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Tinkertoy - Wroxeter - Toronto, On

Wroxeter - Toronto, On

Michael Panontin
Andrew Wedman and Paul Shrimpton have been working the controls of Tinkertoy for about six years now, melding languid, throbbing baselines and various bleeps and glitches into something vibrant, something warm and, yes, something techno. Now usually I run fast and far at the mere mention of the word - okay, maybe that's a bit harsh, but let's just say I approach the word 'techno' with a degree of caution and trepidation. This evening, thankfully, was far from your average deejay set.

By the time that Tinkertoy took the stage at the tiny west-end Parkdale boite Wroxeter, it was well past midnight and a wave of anticipation among the crowd of indie punters and martini lizards was already palpable. The Wedman-Shrimpton duo took to the cramped stage and dealt a taut one-hour set of ambient techno, flaying the crowd with a seamless set of bouncy rhythms and cool noodlings. Though mostly instrumental, the music was tempered with the occasional vocal delivered through the plainly unlikely - and likely unplanned - combination of muffled distortion from a less than stellar sound set-up and a vocoder, turned down a bit too low.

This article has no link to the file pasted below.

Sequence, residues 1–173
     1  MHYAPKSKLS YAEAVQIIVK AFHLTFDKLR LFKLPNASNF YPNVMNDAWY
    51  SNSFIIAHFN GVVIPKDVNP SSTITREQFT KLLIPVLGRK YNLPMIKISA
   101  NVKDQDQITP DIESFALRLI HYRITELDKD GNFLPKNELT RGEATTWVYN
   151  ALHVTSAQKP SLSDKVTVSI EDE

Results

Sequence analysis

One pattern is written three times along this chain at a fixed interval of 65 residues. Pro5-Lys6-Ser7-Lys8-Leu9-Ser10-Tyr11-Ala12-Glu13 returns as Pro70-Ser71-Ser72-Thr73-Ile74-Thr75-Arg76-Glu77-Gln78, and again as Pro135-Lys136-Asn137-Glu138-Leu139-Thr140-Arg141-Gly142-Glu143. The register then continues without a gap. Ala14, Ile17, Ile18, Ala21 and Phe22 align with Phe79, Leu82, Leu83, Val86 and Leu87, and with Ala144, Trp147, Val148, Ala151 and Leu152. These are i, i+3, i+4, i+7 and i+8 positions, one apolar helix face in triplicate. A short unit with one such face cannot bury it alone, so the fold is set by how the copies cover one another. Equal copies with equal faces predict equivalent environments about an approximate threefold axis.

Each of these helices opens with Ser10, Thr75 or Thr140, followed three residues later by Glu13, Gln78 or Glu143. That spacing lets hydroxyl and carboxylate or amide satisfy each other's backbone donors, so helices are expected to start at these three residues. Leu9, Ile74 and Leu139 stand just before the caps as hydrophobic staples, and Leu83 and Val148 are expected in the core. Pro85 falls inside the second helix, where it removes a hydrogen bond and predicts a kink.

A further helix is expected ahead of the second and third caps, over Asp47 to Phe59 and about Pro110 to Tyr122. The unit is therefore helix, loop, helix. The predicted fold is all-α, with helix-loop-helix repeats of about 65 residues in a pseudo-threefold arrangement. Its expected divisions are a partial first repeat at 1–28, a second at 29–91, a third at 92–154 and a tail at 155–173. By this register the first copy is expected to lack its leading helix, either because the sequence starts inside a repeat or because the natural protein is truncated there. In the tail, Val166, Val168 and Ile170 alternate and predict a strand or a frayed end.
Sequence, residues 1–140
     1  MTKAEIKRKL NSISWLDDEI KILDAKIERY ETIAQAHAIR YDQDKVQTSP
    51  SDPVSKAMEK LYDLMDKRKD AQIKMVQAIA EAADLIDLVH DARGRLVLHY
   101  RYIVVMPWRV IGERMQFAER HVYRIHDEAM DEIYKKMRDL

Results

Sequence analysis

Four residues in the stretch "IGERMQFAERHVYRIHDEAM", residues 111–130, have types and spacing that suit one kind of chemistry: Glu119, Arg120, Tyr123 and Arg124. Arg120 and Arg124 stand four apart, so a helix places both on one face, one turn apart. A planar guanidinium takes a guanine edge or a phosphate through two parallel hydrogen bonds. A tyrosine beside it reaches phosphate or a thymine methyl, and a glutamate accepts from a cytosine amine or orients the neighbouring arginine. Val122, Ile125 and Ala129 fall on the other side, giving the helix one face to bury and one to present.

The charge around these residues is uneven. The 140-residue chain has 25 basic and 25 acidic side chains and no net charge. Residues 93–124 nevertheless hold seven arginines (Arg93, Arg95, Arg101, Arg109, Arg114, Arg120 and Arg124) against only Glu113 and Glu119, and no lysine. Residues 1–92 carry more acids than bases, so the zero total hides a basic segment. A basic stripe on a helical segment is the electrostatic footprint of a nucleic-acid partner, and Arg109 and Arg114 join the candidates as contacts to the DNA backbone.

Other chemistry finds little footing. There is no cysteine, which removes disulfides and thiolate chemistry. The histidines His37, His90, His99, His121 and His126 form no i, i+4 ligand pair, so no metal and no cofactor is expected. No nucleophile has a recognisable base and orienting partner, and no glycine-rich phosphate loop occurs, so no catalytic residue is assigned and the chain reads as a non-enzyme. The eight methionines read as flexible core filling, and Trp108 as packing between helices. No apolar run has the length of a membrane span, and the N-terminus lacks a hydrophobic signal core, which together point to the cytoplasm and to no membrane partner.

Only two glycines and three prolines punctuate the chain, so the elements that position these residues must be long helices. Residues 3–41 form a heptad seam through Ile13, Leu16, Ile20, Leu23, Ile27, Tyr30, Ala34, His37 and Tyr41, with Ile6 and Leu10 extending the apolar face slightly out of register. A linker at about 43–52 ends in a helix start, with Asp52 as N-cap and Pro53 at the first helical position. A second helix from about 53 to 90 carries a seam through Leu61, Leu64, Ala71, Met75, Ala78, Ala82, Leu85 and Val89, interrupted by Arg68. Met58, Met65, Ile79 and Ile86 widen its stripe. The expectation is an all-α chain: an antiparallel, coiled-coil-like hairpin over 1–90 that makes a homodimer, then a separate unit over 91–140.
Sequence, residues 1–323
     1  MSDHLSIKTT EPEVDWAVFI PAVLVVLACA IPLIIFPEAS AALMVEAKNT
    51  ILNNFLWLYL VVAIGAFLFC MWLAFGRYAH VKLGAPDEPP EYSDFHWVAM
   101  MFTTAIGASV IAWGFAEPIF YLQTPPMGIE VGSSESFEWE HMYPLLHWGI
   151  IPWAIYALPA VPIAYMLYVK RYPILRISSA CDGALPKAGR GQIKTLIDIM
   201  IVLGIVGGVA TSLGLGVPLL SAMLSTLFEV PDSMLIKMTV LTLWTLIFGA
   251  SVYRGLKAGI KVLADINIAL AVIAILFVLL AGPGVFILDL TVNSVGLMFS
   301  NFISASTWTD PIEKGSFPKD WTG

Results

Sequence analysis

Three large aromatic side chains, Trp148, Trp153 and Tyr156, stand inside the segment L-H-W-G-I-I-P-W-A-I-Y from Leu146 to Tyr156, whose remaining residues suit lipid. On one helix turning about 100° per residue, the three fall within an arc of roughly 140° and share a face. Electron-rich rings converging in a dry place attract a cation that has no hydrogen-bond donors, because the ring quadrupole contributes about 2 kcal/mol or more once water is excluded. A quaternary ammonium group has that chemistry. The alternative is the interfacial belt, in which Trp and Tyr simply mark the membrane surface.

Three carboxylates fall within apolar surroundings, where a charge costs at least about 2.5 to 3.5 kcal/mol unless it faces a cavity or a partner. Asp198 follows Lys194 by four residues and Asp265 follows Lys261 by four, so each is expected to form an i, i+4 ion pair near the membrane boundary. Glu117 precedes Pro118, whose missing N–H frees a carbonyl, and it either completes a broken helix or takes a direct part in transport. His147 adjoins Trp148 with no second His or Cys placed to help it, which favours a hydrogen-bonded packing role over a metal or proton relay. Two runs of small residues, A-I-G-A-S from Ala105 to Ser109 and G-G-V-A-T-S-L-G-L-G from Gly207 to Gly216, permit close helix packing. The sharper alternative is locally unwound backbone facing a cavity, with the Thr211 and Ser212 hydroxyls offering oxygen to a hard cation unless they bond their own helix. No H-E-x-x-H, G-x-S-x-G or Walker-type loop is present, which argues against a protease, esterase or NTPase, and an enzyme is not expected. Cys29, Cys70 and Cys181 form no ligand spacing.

Even the usually icy Toronto hipsters were warmed over, smiling and chatting, some dancing seriously, others seriously dancing, and still others just nodding. As for Wedman, well he smashed any stereotypes of the slacker-cool techno geek nonchalantly puffing a fag and sipping a coffee, appearing to be merely checking e-mail (think Autechre) while the crowd freaks out to some aural electronic assault. Wedman was nearly organic with his flailing arms and spastic sprockets dance, which more than compensated for the unfortunate lack of visuals - a glass-paned garage door fronting the street behind it took up most of the rear stage.

Unfortunately, Tinkertoy's music is left lacking somewhat in the songwriting department - alas, one leaves the show without any of those vestigial hooks or rhythms lingering in the head. This will be their challenge if they wish to transcend the slog of $5-cover barbanddom.

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